College History

Mother Irene Gill, O.S.U., founded the College of St. Angela as the first Catholic college for women in New York State in 1904, sixteen years before women won the right to vote. On September 12, twelve freshman began classes in Leland Castle. At that time, young women were generally excluded from higher education, making the task set out for the College’s Ursuline foundresses an important one.

In the first decade of the College, Leland Castle served as the living, studying, and recreational center for all students. Later a large gymnasium and classroom building, now known as Chidwick, was constructed, and Maura Hall was built to accommodate the growing student body. Various student organizations were formed, several of which still exist: student government, Props and Paint (now CNR Drama), the student literary magazine Quarterly (now called the Phoenix) and the yearbook Annales.

As the College entered its second decade, a B.S. degree program was established. World War I found many CNR students involved in fund-raising and volunteer work for the war effort. In the early 1920s, the first issue of the campus newspaper, Tatler, was published, and work began on Brescia Hall. The Chapel was completed in 1923.

In the third decade, the sudden decline from national prosperity into economic depression, propelled the campus toward change. To meet the increasingly important need for career preparation, a concentration in Secretarial Studies was inaugurated, more courses in journalism, economics, sociology, and business administration were offered, and a Vocational Bureau provided career counseling and job placement for students and alumnae. Brescia Hall was completed in 1926, the Science Building in 1927, and the Sports Building in 1931.

In 1935, the beginning of the fourth decade, Mother Irene Gill, O.S.U. died. Her legacy was a College with an enrollment of over 700. Mother Irene had lived to see the College become the nation's largest Catholic women's college. The Mother Irene Gill Memorial Library was named in her honor in 1938.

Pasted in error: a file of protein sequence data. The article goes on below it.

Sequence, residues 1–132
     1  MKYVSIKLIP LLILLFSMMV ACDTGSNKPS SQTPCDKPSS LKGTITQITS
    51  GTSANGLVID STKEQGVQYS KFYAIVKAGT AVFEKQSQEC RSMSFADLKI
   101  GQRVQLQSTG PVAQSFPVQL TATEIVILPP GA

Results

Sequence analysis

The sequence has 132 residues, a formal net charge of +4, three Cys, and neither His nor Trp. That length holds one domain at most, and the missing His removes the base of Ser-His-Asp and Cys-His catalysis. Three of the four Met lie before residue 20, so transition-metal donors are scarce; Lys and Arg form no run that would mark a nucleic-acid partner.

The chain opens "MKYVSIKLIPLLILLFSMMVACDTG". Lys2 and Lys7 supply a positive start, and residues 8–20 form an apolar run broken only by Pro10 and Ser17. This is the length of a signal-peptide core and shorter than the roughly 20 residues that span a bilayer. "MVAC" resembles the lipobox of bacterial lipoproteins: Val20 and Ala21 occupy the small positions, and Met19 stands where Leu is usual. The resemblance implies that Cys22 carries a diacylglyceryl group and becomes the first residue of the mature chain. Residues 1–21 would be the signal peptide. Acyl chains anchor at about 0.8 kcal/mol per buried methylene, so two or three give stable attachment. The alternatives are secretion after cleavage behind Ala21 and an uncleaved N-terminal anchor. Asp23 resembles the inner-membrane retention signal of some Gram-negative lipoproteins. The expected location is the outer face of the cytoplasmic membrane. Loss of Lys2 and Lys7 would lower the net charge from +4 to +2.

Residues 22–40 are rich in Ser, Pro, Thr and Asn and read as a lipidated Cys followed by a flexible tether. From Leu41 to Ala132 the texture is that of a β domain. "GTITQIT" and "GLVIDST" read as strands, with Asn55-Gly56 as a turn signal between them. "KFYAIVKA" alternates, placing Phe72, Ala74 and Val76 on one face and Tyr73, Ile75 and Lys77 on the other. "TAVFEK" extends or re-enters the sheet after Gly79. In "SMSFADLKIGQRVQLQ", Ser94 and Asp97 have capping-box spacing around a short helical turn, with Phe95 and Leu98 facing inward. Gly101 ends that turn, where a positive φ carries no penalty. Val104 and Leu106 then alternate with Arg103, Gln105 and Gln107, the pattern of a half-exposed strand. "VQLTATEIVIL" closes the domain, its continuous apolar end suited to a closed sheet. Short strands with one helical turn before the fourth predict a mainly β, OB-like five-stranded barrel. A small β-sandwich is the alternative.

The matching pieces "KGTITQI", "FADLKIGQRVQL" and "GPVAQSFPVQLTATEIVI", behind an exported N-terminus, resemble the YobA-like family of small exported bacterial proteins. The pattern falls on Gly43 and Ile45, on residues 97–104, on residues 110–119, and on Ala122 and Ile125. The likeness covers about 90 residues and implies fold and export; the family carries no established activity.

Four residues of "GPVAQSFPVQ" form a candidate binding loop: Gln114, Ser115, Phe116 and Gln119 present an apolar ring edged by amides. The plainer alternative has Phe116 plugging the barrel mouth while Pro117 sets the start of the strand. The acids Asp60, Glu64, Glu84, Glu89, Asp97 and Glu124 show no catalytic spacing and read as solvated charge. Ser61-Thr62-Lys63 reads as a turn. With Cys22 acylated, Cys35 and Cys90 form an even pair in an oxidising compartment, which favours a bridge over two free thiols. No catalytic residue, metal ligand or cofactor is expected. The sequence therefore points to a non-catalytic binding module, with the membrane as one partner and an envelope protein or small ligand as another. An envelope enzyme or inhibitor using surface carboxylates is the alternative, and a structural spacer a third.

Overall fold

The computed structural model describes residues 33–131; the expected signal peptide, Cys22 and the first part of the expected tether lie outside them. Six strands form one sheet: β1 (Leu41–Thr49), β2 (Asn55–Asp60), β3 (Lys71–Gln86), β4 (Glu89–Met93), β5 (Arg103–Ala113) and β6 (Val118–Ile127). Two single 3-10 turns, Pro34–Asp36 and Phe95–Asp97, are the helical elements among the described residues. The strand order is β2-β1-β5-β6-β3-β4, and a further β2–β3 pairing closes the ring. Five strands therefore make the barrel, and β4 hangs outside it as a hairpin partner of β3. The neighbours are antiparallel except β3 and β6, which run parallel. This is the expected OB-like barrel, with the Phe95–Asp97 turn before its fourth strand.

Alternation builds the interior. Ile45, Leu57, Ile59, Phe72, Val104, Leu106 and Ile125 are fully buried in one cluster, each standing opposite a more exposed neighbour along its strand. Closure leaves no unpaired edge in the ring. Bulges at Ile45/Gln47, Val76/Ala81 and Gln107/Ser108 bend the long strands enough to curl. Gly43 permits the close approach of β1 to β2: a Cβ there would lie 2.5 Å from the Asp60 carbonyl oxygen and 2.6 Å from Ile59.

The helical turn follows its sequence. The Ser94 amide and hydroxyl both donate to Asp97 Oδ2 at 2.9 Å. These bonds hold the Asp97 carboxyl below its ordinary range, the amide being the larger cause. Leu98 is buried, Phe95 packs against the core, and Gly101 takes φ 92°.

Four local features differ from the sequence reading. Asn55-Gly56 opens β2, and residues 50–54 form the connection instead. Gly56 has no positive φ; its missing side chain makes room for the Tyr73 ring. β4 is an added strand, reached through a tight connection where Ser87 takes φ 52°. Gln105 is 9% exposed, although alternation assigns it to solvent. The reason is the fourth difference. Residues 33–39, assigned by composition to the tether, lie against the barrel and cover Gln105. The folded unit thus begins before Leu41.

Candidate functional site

As the Depression drew to a close, rumors of another world war grew. Soon, professors were drafted, and the war itself introduced rationing, blackout shades, and fewer dates for dances. The College offered courses in motor mechanics, Morse code, and civil defense. Students saved, knitted, and worked in factories, while heeding the government's plea to remain in college.

The fifth decade and the end of the second world war brought an emphasis on co-curricular activities that focused on service, as CNR joined the National Student Association and the National Federation of Catholic College Students. In 1949, the Dining Hall (now the Student Campus Center) was completed, and Maura's old dining room was transformed into a ballroom. The College's curriculum was strengthened with the introduction of a core concentration program.

During the College’s sixth decade, three new buildings, Angela, Xavier (now the Mooney Center), and Ursula Halls, were constructed. Reflecting the upheaval of American society and its changing mores, students took a more active interest not only in studies, but also in politics and in the administration of the College. A new form of student government, introduced in 1963, paved the way for greater student participation in policy-making.

The College entered its seventh decade with a strong sense of both tradition and progress. With the late 1960's came a return to the earlier, broader interpretation of the mission of the College. Married women, usually somewhat older than the typical CNR undergraduate, were permitted to matriculate. In 1968, in response to local needs and a reawakened sense of service to educationally disadvantaged women, CNR developed a scholarship program for African-American students from the Westchester area.

A master's degree program in art education was introduced in 1969, followed by the introduction of an M.S. in education in reading, to meet the needs of teachers in the surrounding area. The new graduate programs opened the doors of CNR to men as well as to women students. An enriching diversity of students appeared on campus. During this period, Rogick Life –Sciences Building was completed and Chidwick became the center of the Graduate School.